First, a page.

Recently, at an adoption gathering, I noticed a friend standing on the sidelines, observing her six-year-old daughter interacting enthusiastically with the other children.
"Look at Melissa," my friend said. "The life of the party! I've always been shy. We couldn't be more different."
The issue of raising a child different from oneself is not unique to adoptive parents. In fact, all parents confront the issue, particularly as their children reach elementary school.
Ages six to eight are years of emerging. Children begin to take on individual personalities, often different from those of their parents.
Carbon Copy Kids
Some parents, both adoptive and non-adoptive, crave replicas of themselves. They impose their own interests on their children. A musical parent requires a son to take piano, even when the son hates the piano. An athletic inclined mother pushes her daughter to play sports, despite the girl's strong protests. By trying to create mini-versions of themselves, these parents deny children their own identities.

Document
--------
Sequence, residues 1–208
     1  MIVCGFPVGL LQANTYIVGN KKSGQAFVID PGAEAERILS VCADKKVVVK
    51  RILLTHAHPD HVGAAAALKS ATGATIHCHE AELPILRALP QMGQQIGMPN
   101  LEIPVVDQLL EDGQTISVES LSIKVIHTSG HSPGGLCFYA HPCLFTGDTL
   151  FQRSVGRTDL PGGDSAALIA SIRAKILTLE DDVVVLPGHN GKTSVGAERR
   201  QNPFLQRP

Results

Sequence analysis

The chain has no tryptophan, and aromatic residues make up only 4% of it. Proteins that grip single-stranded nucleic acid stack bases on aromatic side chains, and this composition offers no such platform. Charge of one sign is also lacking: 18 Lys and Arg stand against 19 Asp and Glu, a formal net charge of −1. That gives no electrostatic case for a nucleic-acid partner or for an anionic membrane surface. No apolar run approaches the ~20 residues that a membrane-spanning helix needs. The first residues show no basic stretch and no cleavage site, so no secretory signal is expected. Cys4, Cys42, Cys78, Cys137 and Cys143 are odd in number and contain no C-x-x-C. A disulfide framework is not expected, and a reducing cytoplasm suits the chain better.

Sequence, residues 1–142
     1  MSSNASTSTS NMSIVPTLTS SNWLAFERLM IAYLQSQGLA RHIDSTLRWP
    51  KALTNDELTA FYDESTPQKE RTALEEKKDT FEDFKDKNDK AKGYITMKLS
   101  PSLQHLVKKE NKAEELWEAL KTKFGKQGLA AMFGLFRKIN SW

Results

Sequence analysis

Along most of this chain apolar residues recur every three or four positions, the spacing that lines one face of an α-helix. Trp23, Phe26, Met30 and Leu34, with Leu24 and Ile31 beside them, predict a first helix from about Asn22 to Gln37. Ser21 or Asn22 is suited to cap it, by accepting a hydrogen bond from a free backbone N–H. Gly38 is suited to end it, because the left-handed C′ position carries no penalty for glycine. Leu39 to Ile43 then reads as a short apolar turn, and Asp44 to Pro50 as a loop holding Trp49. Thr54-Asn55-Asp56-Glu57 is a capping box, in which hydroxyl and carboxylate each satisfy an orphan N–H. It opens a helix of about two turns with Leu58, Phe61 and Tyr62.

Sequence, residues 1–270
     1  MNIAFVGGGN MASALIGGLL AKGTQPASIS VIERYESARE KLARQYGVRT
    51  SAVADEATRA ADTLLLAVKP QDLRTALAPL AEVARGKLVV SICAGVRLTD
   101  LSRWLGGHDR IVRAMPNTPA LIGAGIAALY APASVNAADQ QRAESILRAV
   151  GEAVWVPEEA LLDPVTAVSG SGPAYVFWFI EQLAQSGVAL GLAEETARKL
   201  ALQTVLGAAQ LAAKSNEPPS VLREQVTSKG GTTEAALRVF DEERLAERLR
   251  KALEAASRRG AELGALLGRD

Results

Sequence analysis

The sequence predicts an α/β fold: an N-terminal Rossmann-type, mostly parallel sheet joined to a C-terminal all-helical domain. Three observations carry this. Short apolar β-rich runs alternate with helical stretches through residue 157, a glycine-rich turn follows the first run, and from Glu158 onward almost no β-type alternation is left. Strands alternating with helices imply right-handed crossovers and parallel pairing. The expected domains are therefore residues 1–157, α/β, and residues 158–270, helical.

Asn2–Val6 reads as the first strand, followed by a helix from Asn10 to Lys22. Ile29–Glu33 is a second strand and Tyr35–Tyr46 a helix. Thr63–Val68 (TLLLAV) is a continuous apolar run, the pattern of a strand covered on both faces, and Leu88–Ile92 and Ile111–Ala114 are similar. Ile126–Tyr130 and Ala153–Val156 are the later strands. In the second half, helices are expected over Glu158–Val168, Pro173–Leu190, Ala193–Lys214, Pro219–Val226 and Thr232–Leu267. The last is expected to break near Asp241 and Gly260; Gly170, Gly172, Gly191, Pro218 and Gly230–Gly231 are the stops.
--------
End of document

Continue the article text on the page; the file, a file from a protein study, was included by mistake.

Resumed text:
Then there are parents like Melissa's mother — parents who recognize that their child has individual traits. They accept, even welcome, their child's unique qualities.
When we notice that our child differs from us, we may initially feel sadness and loss. Our child is no longer "ours;" she is separate and autonomous, with a distinct personality. We have lost the interdependence that can be comfortable to both parent and child in the early years.
If our child fails to mirror traits of ours that we particularly value, we are disappointed. Peter, a great risk taker, was distressed when his son emerged as a cautious child. But over time, Peter learned to appreciate his son's vigilance, which served him well, both in school and with friends.
As my friend and I drank fruit punch in the corner, we watched her daughter. Noting their differences, my friend knew where she, as a parent, stopped and where her child began — allowing her daughter to blossom into her own person.
Just then, Melissa tore herself away from her friends and ran over to hug her mother. The two squeezed tight for a moment, then the little one scampered away.
My friend smiled. The parent-child bond remains strong, and it is flexible enough to encompass two people — different, yet deeply connected.
You are viewing this exclusive AF content as a guest. To access our full Adoption Parenting Library — plus digital issues, eBooks, expert audio and more — join Adoptive Families today.